“I hope and pray my eventual exoneration will help others and that this country will finally realize just how broken our system is and how easy it is to make mistakes,” Glossip said. “If my execution ensured no other innocent man was sent to the death chamber, I am prepared to die for that cause. I have never been in trouble with the law in my life. … I was a good citizen and always tried to help others. Now I have gone from doing everything right to fighting (for) my life.”
Prejean held a press conference in Oklahoma City on Thursday and presented about 270,000 signatures requesting a stay of Glossip’s execution to Fallin’s office.
Plans to cover up death thwarted by police
Once the deed was finished early Jan. 7, 1997, Sneed said, he told Glossip what he had done and Glossip told him to drive Van Treese’s car, which had about $4,000 inside, to a nearby parking lot. By this point, Donna Van Treese was concerned about her husband because she had not heard from him and called the motel to ask when he was last seen.
“My sister and an uncle who live in Oklahoma City were on property at the motel within a short time joining the search for Barry,” Mileto said. “We later learned Glossip knew exactly where Barry was. His dead body was still lying beneath the bedding in Room 102. The room where he was beaten to death.”
In that room, Sneed said, he and Glossip took money from their boss’s wallet, put a shower curtain over a broken window and covered the body. The story for the broken window would be that it was broken during a fight, and they would use chemicals and a saw to clean the mess.
“They turned the air conditioner on high, broke the key off in the door, then left,” Mileto said. “Glossip made arrangements for the morning housekeeping crew to clean other rooms.”
Oklahoma City police officers were eventually called after Barry Van Treese’s car was found at a nearby credit union, and after hearing what they said were conflicting statements from Glossip, they searched Room 102 themselves.
The motel was described as being in “deplorable” condition, and police said only half of the rooms were habitable. Donna Van Treese testified that her husband was not as involved in motel operations in his last six months of life because her mother and her husband’s mother had both died recently, which led to the facility’s falling into disrepair.
Officers found Barry Van Treese’s body around 10 p.m. Jan. 7, and Sneed was already gone. Glossip was questioned and released and began making plans to leave town but was detained before he could do so.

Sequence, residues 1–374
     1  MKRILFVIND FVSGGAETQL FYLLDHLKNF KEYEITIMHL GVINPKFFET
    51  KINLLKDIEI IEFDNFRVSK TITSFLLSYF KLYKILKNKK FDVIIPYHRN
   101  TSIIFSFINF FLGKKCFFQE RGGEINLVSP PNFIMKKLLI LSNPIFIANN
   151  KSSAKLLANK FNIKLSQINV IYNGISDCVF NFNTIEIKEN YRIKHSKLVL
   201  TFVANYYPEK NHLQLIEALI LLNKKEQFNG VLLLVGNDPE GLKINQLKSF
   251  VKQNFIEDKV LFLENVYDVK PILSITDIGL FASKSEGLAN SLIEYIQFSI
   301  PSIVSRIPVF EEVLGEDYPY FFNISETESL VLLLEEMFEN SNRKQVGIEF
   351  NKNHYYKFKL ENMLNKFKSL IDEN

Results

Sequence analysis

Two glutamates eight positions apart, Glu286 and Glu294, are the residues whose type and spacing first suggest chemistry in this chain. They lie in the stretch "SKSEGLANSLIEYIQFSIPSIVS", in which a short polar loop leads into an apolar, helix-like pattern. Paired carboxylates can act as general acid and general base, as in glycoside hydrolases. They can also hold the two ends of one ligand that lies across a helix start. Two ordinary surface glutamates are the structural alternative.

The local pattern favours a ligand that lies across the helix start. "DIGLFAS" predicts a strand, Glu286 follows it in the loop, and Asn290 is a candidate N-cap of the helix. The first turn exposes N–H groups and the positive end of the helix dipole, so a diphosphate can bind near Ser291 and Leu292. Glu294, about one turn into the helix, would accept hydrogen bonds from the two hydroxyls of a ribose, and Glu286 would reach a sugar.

“We are enormously thankful Barry’s body was discovered before their plan to dispose of it using the hacksaw, muriatic acid and trash bags was carried out,” Mileto said. “Many families of victims do not have this closure.”
In Glossip’s 2005 appeal to the state, the court stated that there was evidence that connected him with the commission of the crime. The court additionally found that he lied about Van Treese’s whereabouts and Sneed’s part in the murder because he felt like he “was involved in it.”
“He admitted knowing Sneed killed Van Treese in room 102,” the appeal states. “He knew about the broken glass. However, he never told anyone that he thought Sneed was involved in the murder until after he was taken into custody that night, after Van Treese’s body was found.”
State intends to carry out death sentence
Fallin’s office has repeatedly emphasized that Glossip has had multiple opportunities in court to prove his innocence and that two juries and several appeals court judges have determined his guilt. Fallin spokesman Alex Weintz said Thursday that Sarandon and Prejean are fighting a public relations campaign and should take evidence to a judge, as Fallin does not have the power to indefinitely stay an execution.
“They can order new trials,” he said of judges. “The governor can’t. They are not doing that because they have no new evidence.”
Barry Van Treese’s uncle, Boyce Bowdon, who lives in Oklahoma City, wrote a statement commending Fallin for the “wisdom and courage to stand strong against the pressures of crusaders against the death penalty.” He also called for the end of the continuing focus on his family’s heartbreak.
“Governor Fallin recognizes that the issue before her is not whether the death penalty is barbaric and should be eliminated,” Bowdon said.
“The issue is whether a man who has been given every opportunity provided by our legal system should be given another 60 days to do what his attorneys could not do in nearly two decades. … Talk shows, Hollywood, and petition campaigns should not be allowed to undermine the authority given by our Constitution to our courts.”
Mileto said she believes that Glossip is guilty and deserves the death penalty.
“Execution of Richard Glossip will not bring Barry back or lessen the empty hole left in the lives of those who loved Barry,” she said. “What it does provide is a sense that justice has been served.”